Indian Journal of Ophthalmology

COMMENTARY
Year
: 2018  |  Volume : 66  |  Issue : 6  |  Page : 784-

Take time to sharpen the saw


Venkatesh Prajna 
 Department of Cornea and Refractive Surgery, Aravind Eye Hospital, Madurai, Tamil Nadu, India

Correspondence Address:
Dr. Venkatesh Prajna
Department of Cornea and Refractive Surgery, Aravind Eye Hospital, Madurai, Tamil Nadu
India




How to cite this article:
Prajna V. Take time to sharpen the saw.Indian J Ophthalmol 2018;66:784-784


How to cite this URL:
Prajna V. Take time to sharpen the saw. Indian J Ophthalmol [serial online] 2018 [cited 2020 Jul 12 ];66:784-784
Available from: http://www.ijo.in/text.asp?2018/66/6/784/232852


Full Text



It was the best of the times'

It was the worst of the times'

So said a character in the brilliant masterpiece, A tale of two cities written by Charles Dickens This exclamation generally sums up the current scenario of Ophthalmology from two different perspectives. Without a doubt, Ophthalmology has grown by leaps and bounds in the past three decades. At the same time, the tremendous advances in the field in these three decades have made the life of the resident more difficult to cover the subject in full in his/her prescribed 3 years.

Let us only take a simple example of teaching glaucoma in the 80s. In that period, the terms glaucoma and increased intraocular pressure (IOP) were synonymous. Higher IOP needed to be treated with pilocarpine and if the pressures were not controlled, then filtering surgery would be advised. The requirement of knowledge for a resident also would be confined to this domain. Not anymore!!!! The hapless resident has to learn about algorithms, artificial intelligence software, different pharmacological options, and various surgical devices to treat a disease, which still eludes an agreeable definition. Needless to say, the resident of today requires to learn more to stay current and relevant than their counterparts earlier.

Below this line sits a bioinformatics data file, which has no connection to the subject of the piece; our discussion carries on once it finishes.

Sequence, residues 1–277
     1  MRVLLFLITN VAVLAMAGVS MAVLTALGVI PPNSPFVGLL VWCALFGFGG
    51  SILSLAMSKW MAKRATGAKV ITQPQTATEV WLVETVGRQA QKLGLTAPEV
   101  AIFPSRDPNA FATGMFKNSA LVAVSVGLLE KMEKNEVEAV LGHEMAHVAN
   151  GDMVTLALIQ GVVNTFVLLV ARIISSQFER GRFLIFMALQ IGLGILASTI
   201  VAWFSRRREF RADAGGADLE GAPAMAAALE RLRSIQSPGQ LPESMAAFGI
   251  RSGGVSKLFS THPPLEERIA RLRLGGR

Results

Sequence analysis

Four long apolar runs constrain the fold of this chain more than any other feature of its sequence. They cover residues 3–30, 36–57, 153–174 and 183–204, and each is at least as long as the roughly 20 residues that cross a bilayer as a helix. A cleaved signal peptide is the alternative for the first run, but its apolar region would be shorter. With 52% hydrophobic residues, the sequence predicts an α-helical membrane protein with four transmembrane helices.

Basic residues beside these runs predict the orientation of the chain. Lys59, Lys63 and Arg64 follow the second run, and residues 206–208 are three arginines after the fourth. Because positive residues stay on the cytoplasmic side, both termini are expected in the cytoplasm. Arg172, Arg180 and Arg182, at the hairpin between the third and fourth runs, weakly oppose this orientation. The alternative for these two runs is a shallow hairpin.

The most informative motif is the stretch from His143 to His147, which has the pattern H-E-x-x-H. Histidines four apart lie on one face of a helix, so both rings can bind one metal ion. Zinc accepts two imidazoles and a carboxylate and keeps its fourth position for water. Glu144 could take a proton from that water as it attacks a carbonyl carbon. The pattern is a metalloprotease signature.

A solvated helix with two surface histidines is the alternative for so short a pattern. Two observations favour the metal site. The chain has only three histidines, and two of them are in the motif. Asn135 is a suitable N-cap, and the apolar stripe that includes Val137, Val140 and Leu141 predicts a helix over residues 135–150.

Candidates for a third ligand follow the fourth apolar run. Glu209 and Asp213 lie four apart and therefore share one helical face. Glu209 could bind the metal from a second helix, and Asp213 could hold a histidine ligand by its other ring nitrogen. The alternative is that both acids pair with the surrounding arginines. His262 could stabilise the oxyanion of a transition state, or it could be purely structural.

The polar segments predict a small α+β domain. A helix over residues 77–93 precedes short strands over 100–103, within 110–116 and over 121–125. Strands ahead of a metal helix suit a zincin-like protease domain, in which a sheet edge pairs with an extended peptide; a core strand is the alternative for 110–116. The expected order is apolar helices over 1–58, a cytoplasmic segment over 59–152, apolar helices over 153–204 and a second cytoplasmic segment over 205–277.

Imparting education in such a changing world is clearly very challenging. The residents of today are more competitive and arguably more focused than our times of postgraduation. Their style of learning and their exposure to different modes of learning has raised their expectations from the teaching fraternity. The teachers, on the other hand, feel that the residents want to learn everything as quickly as possible and immediately be on their own. A middleground has to be found, and for this to happen we need to have an aspirational goal to march on to. Grover et al.[1] have painstakingly created a comprehensive document titled “A National Curriculum for Ophthalmology Residency Training “ which should spur the policymakers and the teaching fraternity to aspire for and implement it in all seriousness. For this to be effective, technologies such as simulators and smart classrooms should be incorporated. Teachers need to constantly retrain themselves and reinvent newer strategies like flipped classroom models to stay relevant to compete with Wikipedia and the search engines. Tomorrow's problems cannot be solved by the solutions which were relevant for yesterday.

References

1Grover AK, Honavar SG, Azad R, Verma L. A national curriculum for ophthalmology residency training. Indian J Ophthalmol 2018;66:752-83.